In the past 6 months Uber has lost its CFO and Pimco its CEO both citing wanting to spend more time with their families as the reason for leaving. Google's CFO Patrick Pichette also quit his $5 million job after 7 years at what is declared to be the most desirable company to work for in the world. Being with his family became more appealing than all that cash and 'Googliness'. This was swiftly followed by John Stewart, the iconic host to Liberal America of The Daily Show, quitting after 16 years with the words "These things are cyclical. You have moments of dissatisfaction, and then you come out of it and it's OK. But the cycles become longer and maybe more entrenched, and that's when you realise, 'OK, I'm on the back side of it now.'" He just wasn't feeling it anymore...
So even the careers of our dreams can become dissatisfying. These guys have funds which allow them more choices. For them walking away knowing you have a golden egg in the bank, with the only possible downside being that you may have to sell the second weekend house in Malibu, doesn't seem the end of the world. But what can the rest of us do when we are 'just not feeling it anymore' and walking away isn't the simple option?
More than 2 million Americans are voluntarily leaving their jobs every month. According to The U.S. Bureau of Labor Statistics, the figure is growing and it is now at its highest since 2008. In the UK, a fifth of employees plan to quit their job this year, according to a survey from the Institute of Leadership and Management (ILM).
The study, of 1,001 workers, found that of the staff who are preparing to change jobs, 16 per cent want to leave because they do not feel valued.
Of this group, the vast majority would like a similar job (40 per cent) or a different post (39 per cent) at a new company, while one in 10 would like to start their own business.
So even in uncertain times people are quitting, but the majority of the time it is not to make a huge leap into a different field; people are looking for satisfaction from the work they already have.
There is no such thing as a perfect job but it's your responsibility to make your job the best it can be. No one else can do that for you and the opportunity to craft an extraordinary future lies firmly in your hands. Here are a few tips to help you on your way:
1. Try a negativity detox for 30 days. Every time you find yourself thinking something negative, ask a different question - 'How can I see things differently? How can I enjoy what I'm doing? How can I contribute something valuable to the discussion?'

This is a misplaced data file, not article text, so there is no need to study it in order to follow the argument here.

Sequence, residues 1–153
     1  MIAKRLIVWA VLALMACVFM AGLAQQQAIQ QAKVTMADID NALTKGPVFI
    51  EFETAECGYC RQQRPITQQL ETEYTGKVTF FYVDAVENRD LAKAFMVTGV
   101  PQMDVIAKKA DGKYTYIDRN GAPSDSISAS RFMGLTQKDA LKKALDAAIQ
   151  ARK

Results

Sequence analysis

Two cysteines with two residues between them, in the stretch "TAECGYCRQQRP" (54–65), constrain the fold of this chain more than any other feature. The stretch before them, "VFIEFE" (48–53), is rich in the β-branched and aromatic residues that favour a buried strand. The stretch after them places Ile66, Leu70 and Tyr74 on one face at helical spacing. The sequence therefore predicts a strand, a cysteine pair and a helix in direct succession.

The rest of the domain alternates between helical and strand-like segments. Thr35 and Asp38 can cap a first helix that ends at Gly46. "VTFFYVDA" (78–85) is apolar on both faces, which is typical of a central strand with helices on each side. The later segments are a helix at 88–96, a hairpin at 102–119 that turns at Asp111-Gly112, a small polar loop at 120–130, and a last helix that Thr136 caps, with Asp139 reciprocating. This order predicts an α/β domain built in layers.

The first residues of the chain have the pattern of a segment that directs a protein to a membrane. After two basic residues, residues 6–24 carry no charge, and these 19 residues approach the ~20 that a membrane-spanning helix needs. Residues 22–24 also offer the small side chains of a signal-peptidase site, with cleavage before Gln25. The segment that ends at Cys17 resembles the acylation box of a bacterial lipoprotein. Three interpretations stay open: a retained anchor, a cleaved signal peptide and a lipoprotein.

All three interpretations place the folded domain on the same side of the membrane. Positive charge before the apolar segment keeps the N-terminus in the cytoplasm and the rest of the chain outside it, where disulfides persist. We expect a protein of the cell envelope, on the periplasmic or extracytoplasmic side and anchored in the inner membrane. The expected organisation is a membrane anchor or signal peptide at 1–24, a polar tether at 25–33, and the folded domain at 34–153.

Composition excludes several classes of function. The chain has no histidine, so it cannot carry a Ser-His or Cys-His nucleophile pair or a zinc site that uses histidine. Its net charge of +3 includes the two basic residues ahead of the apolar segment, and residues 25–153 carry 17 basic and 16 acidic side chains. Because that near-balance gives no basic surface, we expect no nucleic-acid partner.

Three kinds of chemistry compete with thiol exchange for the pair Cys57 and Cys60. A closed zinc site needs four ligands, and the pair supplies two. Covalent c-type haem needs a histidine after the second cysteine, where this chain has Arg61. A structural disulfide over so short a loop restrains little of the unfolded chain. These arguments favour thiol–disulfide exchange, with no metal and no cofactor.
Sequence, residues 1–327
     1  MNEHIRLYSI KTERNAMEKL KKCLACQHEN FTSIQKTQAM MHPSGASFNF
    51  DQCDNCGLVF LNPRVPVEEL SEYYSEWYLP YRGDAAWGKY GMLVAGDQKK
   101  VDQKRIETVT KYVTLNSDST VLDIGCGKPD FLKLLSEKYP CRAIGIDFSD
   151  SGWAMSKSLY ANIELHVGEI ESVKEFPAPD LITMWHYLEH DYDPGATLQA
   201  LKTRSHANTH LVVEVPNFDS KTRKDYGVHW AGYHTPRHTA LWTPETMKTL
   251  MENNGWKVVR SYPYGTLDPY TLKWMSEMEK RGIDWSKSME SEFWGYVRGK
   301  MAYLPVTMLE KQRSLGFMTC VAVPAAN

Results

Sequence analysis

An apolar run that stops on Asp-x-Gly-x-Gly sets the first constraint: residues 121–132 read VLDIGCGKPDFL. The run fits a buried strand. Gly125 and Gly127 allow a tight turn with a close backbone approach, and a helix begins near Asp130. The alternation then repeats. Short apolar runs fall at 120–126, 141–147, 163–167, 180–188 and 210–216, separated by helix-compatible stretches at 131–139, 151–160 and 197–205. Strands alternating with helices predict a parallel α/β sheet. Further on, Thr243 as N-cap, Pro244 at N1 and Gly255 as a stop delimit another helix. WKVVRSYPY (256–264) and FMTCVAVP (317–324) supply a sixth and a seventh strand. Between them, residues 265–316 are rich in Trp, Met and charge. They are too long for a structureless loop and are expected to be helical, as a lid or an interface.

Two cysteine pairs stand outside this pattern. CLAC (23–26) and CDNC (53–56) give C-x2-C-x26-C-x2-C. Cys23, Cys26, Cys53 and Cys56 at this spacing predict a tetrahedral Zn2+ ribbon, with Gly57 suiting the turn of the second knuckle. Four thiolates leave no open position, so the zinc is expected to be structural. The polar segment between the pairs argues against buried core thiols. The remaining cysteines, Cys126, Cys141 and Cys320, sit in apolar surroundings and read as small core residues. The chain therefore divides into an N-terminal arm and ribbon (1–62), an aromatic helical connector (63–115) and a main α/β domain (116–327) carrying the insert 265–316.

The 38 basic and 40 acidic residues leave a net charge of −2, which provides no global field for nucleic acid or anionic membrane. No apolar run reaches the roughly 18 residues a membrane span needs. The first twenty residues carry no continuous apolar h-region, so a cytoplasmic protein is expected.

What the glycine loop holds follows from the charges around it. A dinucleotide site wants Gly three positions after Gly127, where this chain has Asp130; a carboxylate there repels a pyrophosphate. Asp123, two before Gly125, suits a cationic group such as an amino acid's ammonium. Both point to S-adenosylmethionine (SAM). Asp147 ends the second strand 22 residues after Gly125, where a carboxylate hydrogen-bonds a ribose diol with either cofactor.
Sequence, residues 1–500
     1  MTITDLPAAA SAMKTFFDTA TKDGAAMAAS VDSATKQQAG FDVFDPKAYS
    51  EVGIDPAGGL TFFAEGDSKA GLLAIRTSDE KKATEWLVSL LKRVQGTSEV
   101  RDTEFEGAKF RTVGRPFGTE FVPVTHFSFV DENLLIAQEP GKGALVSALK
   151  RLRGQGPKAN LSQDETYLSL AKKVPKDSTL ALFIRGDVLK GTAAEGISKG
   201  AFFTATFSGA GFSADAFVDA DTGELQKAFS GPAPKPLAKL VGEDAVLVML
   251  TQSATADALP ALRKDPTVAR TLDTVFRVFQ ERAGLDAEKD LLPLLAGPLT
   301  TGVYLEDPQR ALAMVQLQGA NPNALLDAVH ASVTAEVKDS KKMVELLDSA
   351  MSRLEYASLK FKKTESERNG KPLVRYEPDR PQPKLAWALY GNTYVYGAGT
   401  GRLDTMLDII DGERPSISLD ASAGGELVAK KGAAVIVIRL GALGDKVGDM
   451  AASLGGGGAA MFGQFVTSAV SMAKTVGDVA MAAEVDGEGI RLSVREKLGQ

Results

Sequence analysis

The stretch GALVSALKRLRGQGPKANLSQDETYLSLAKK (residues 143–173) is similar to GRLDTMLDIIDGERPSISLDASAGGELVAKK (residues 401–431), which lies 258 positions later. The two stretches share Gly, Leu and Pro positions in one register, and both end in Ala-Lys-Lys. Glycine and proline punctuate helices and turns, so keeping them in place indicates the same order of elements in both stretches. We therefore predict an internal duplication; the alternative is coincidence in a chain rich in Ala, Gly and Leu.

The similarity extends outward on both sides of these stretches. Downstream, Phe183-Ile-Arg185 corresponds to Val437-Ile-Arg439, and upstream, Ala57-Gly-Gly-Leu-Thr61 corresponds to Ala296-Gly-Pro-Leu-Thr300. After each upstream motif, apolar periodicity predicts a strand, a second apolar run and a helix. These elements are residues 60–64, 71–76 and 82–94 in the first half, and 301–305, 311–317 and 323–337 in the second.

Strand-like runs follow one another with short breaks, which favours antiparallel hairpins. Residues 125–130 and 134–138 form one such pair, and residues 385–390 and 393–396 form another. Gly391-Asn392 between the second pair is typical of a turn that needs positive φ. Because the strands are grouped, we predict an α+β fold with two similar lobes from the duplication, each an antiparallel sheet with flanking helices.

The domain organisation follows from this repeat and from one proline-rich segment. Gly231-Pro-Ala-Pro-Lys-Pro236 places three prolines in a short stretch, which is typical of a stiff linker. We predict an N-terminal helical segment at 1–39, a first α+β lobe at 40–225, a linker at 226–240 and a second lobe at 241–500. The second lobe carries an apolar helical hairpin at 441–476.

2. Start asking questions about your job - when has your work felt exciting, rewarding and fun? Equally, think of the times you have felt more restricted? When you ponder these moments, what themes pop up? Do you need structure or do you like creativity? Do you like to lead or be led? Notice how you feel about the answers to these questions - sapped of energy or excited?
3. Feedback - get some after every interaction you have with others. After a meeting, call it and ask people 'what did I do well?' and 'what could I do better?'. Ask the same of your boss, weekly or even daily, feedback can help you grow and develop, FAST.
4. Find one thing that has been frustrating you at work, and try doing it in a new and different manner (health and safety permitting!) If you were keen to shake up your business, what would you do? What is it you are currently known for in your organisation? And what is it that you would like to be remembered for? What do you need to do to create that memory?
5. Go for interviews for other jobs even though you do not necessarily need or want them. When you interview, it keeps you on your game. You have to show up as the shiny version of you, and, as people assess you, you will assess yourself and see more clearly who you are and what makes you special. You will get better at articulating your qualities.
If you start with making these changes you will introduce more stimulus into your life, and have more choices available to you in both the type of job you want and the type of business you want to work in. It will become no longer a fantasy.
Challenge the norms and test the boundaries. You may well find that things you think are important and set in stone are anything but.
In the words of that cartoon antagonist Dick Dastardly "Don't just stand there, do something!."